4 Lessons I Learned After Quitting My Job

A few years ago, I had a digital marketing job with a decent salary and great benefits. But I spent more time locked in the company bathroom talking myself through panic attacks than at my desk. I got in at 9 and I left at 5, not willing to give the company any more than what was required. I stopped engaging with my coworkers and instead, spent all day dreaming of what I could be doing instead: I could be writing a book! I could take a mid-day yoga class! I could actually make an acai bowl for breakfast instead of running out the door with a granola bar each morning!

RELATED: Tough Questions: How I Decided to Quit My Job

I wasn’t a bad employee — I just wasn’t a happy one. My anxiety was growing too big to ignore and it was time to start being honest with myself: I started to realize that my heart was in creative writing, and that what I wanted to do for the rest of my life was write books and stories. But I didn’t feel like I could do that while working in digital marketing full-time. After about a month of trying to curb my job-related anxiety without much success, I quit.

A few months later, I decided to go back to school to pursue an MFA in creative writing. I’m now writing a book while freelancing for brands full-time. Here’s what I learned:

If your job doesn’t make you happy, change it.

I spent way too long thinking that everyone hates their job — that it’s a part of the human experience to work a 9-to-5 and be miserable until we die. It’s not true! I became inspired by the people on my Instagram feed —  the writers, influencers, and YouTubers — who decided to quit corporate and start working for themselves. They showed me that this path was possible and inspired me to think I could do it. My job wasn’t the right fit for me anymore, so I let it go.

Sure, it was steady money, a sense of security, and it provided benefits, but at the end of the tumultuous work day, my happiness was more important to me. I never spent any of my money made freelancing, so my savings account was healthy enough to make the move. I also cut costs by leaving my city apartment and moving back in with my parents.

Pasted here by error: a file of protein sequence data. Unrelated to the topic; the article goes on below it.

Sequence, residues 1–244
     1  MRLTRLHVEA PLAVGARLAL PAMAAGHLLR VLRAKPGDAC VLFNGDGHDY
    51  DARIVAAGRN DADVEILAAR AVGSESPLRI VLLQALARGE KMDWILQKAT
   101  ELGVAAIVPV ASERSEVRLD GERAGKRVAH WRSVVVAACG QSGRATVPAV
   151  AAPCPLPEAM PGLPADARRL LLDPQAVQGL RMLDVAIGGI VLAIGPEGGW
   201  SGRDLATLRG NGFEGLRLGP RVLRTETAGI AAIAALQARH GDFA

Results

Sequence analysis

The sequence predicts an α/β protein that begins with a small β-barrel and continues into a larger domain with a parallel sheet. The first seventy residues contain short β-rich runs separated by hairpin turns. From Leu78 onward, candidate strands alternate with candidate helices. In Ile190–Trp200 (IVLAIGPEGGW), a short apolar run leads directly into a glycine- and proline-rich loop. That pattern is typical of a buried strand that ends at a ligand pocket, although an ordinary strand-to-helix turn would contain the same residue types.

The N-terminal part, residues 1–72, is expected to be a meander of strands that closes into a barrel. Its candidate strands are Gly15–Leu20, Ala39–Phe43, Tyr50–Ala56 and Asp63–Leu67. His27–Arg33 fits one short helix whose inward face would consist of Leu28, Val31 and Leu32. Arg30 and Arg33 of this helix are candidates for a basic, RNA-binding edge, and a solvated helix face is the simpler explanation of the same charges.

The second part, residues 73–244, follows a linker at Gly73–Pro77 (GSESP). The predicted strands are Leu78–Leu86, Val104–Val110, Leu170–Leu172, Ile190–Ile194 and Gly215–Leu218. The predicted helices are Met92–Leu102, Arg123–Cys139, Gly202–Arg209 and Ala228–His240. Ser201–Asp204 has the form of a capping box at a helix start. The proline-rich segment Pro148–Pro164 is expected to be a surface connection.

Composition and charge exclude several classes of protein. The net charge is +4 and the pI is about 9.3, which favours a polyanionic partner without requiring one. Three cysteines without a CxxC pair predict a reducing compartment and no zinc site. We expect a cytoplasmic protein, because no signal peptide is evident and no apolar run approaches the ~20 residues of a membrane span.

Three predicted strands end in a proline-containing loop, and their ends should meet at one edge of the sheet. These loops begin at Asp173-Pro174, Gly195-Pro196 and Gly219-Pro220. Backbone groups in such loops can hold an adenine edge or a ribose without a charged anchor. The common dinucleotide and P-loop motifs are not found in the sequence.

Be your own advocate.

When it came down to what I really needed,— writing gigs, health insurance, a certain level of pay, a budget, a filing system — I was the only one who could get it. In corporate life, I had relied on human resources to email me notifications about my 401(k). I relied on my boss to make sure my salary increase went through thanks to the proper paperwork. But at my own desk, there was no HR.

Going full-time freelance while in grad school meant I was responsible for finding clients, AKA people who were going to pay me for my work. The dependable paycheck was gone now, the amount of money I made fluctuated: Would it be $5,000 or $30 this month? I had to advocate for myself; I had to make sure I was emailing brands, pitching, getting contracted for work that was more than just month-to-month.

I also had to negotiate higher pay. Now that I wasn’t in corporate, there was no longer a performance evaluation every six months where my higher-ups decided what kind of raise (if any) I deserved. When brands pitched me a number, I learned to not just take it blindly. If I felt I deserved more, I would ask for it.

Environment is everything.

At first, I couldn’t figure out the panic attacks. I’d be alone in a bathroom stall in the middle of the day, trying to understand what was happening to me. And then I realized: It was my environment. It was stuffy and gray and very cut-off from socialization. I worked in a high-rise on the 26th floor. I stared at a computer screen all day. There was no natural sunlight and my desk succulent was dying. I was dying along with it.

Quitting made me ask myself: What kind of worker am I? How do I, as an individual, work best? I need sunshine! I need breaks! I need to be able to stop midday to walk my dog or to take a 3 p.m. yoga class. Sometimes, I need to be social, so if that means meeting someone for lunch, I can do that without the knowing glare of a workaholic boss.

I also learned the Pomodoro Technique is the best method for my personal work ethic. With Pomodoro, you use a timer to allocate your time to specific tasks: Work hard for 30 minutes on one task, take a five-minute break, work non-stop again for 20 minutes, take a five-minute break. It allows me to organize and prioritize my for-money work, my schoolwork, and the book I’m writing more efficiently.

Find what works for you.

If you too are locking yourself in your company’s bathroom, your job isn’t working for you. If you too find yourself wanting to down a margarita most nights because it was a rough day at work, your job probably isn’t working for you. And if you too find yourself dreaming of another work environment, life, or opportunity, your job isn’t working for you. So what will? It’s your responsibility to yourself to find out. Think about what drives you. What do you think about when you’re daydreaming during a lull in the work day? Go do that. That’s the thing that will make and keep you happy.

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